“‘Easy Rider’ is about an exploration of what America looks like under a microscope and the freedoms that exist in America. So in essence, if ‘Easy Rider’ was a brand, and the brand is just an exploration during the time in which you make the movie, then America is ripe right now for an exploration of what it means to be free and what does America look like,” Fleischman said. “We want to create something that at the end of the day a younger generation can say, ‘This is my anthem.’ The same way it was for people in their 20s and 30s and their teens when they saw it in 1969. We want the same reaction, just a different demographic.”
Photo by Ben Abarbanel/Courtesy of Kodiak Pictures
Fleischman and Fadida are currently meeting with writers and directors on pitch ideas for the reboot. Those ideas have ranged from everything to following Fonda and Hopper’s grandkids to post-apocalyptic scenarios, but they’re still searching for the right take. Given how the writer(s) approaches the material will determine whether the film is produced on a super, micro-budget with first-time filmmakers and fresh talent or something that aims for something in a mid-budget range and wider distribution.
But once they do find someone and have a script in hand, they’ll be prepared to quickly take the film to market and won’t have an issue with financing. That’s because after years of lawsuits and changing of hands, the outright owner of the remake rights (the rights to the original film itself still rests with Columbia Pictures) is Jean-Raymond Boulle and his Jean Boulle Group. His company curiously deals with mineral exploration and mine development, as well as medical technologies, agriculture, renewable energy, and ecological conservation.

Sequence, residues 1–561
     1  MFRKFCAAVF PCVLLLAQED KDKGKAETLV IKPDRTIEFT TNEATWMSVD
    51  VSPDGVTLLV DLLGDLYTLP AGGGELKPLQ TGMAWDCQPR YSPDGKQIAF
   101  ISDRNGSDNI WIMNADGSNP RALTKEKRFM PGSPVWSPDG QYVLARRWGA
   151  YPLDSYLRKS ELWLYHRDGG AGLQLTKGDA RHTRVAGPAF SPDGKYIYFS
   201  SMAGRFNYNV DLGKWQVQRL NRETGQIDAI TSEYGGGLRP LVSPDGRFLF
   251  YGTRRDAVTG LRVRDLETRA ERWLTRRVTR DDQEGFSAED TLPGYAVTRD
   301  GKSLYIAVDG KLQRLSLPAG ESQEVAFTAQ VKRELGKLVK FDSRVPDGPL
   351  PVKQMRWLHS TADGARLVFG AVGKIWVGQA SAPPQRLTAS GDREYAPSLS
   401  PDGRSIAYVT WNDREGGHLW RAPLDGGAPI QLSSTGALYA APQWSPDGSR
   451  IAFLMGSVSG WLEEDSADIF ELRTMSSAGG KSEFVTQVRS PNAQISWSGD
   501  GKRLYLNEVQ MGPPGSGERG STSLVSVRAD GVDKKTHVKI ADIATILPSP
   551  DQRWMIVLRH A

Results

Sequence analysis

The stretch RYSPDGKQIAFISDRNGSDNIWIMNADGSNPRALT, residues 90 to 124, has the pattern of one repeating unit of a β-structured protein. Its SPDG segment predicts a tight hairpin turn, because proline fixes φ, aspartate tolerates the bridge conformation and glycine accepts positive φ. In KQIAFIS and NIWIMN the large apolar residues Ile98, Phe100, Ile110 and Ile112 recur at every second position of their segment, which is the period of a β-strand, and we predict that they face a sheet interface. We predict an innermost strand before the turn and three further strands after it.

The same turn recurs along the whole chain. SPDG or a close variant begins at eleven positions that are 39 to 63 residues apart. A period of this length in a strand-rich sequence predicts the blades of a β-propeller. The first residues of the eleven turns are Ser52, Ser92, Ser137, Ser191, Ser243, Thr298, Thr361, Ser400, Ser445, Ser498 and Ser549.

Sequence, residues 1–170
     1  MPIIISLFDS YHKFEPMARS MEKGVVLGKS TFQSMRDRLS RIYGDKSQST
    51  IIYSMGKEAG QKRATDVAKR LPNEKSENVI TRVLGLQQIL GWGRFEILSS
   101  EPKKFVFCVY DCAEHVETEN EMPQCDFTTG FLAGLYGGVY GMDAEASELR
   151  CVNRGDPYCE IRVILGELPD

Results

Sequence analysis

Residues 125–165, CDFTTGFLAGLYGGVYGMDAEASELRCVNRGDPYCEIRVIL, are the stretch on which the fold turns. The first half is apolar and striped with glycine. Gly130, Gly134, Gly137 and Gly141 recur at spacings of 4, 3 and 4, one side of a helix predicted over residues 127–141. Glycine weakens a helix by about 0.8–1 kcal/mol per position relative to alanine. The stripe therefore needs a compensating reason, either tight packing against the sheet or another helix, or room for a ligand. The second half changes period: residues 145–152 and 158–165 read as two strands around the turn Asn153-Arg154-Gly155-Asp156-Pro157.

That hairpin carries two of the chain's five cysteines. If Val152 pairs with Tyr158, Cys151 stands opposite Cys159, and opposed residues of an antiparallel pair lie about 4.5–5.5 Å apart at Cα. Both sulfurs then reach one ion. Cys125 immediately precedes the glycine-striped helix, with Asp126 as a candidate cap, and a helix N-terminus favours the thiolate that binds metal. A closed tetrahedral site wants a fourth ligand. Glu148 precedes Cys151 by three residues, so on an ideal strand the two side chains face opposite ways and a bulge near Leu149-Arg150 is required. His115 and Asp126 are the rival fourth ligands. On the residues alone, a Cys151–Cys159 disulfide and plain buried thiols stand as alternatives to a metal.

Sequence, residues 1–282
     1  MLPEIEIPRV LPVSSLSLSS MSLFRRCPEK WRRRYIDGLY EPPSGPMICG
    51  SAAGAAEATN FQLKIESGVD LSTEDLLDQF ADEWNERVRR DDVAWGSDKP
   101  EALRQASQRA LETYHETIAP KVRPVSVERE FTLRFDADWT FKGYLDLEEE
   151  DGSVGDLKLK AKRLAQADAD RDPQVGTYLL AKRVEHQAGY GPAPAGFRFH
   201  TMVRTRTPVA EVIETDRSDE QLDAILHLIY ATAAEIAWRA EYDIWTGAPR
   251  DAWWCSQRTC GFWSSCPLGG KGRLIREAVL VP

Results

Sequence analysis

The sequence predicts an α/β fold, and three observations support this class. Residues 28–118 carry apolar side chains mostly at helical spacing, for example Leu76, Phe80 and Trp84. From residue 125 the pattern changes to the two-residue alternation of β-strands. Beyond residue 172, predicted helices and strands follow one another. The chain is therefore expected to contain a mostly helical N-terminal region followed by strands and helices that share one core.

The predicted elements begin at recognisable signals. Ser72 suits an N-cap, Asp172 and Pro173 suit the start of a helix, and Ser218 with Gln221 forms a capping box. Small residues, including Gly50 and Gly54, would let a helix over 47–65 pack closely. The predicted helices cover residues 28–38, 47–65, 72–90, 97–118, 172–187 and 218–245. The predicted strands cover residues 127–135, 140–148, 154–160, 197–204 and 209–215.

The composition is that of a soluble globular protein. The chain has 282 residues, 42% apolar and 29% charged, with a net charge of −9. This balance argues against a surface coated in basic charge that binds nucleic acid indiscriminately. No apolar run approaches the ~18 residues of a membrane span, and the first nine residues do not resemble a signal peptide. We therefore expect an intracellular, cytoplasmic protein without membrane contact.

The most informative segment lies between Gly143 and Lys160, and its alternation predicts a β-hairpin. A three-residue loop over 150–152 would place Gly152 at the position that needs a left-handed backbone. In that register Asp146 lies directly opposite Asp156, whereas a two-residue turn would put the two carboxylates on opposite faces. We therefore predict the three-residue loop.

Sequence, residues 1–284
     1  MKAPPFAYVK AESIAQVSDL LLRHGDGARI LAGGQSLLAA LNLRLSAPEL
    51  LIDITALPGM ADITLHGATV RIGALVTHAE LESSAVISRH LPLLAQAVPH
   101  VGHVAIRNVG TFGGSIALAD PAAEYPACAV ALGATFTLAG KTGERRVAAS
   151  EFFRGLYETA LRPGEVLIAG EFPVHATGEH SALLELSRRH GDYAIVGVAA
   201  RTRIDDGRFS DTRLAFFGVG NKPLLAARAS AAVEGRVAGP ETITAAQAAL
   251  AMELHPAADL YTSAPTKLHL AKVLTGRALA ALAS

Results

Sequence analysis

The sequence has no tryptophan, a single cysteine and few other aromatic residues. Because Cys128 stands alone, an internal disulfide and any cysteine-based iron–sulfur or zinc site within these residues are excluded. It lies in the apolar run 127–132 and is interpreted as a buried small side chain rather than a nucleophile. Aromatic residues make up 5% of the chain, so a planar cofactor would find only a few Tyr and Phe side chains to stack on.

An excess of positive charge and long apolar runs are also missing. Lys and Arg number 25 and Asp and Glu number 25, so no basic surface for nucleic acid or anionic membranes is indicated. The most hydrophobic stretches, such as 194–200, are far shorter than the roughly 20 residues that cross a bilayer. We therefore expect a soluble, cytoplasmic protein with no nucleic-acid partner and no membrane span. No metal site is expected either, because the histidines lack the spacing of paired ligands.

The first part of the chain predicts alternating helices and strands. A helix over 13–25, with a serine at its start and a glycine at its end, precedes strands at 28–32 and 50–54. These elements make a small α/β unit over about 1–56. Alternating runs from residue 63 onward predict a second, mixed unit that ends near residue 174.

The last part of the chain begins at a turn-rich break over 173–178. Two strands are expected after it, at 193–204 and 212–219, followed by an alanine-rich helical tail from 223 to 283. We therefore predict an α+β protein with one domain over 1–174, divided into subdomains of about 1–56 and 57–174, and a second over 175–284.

Boulle is decidedly not a filmmaker. But he is a big fan of “Easy Rider” and has fought for years to own the rights to produce a reboot. He then tapped Fadida and Fleischman for the job, as the two have some indie pedigree thanks to backgrounds at Paramount’s Insurge, Blumhouse, and as producers or executive producers of films like “Sleight,” “The Trial of the Chicago 7,” “Witch Hunt,” and more. For them, the appeal of taking on an “Easy Rider” reboot was specifically based on the “excitement and challenge” that’s baked into it.
“We wanted to find IPs that are meaningful for a lot of people. Obviously we found one that is very challenging, but I think that Eric and I feel like it’s challenge accepted,” Fadida said. “We know that there are many ways that you can make this movie, and some people don’t like it, but that’s not the goal. The goal is to find that special filmmaker who’s going to handle this thing with care, and again, respect what the original was and create something that is also exciting for this new generation.”
“I think at the end of the day, everyone can rest a little easy,” Fleischman said. “I’m happy that that we got the opportunity and not other producers who might not have the same rebellious mentality that Maurice and I have, which I think lends itself to a more honoring version of this reboot.”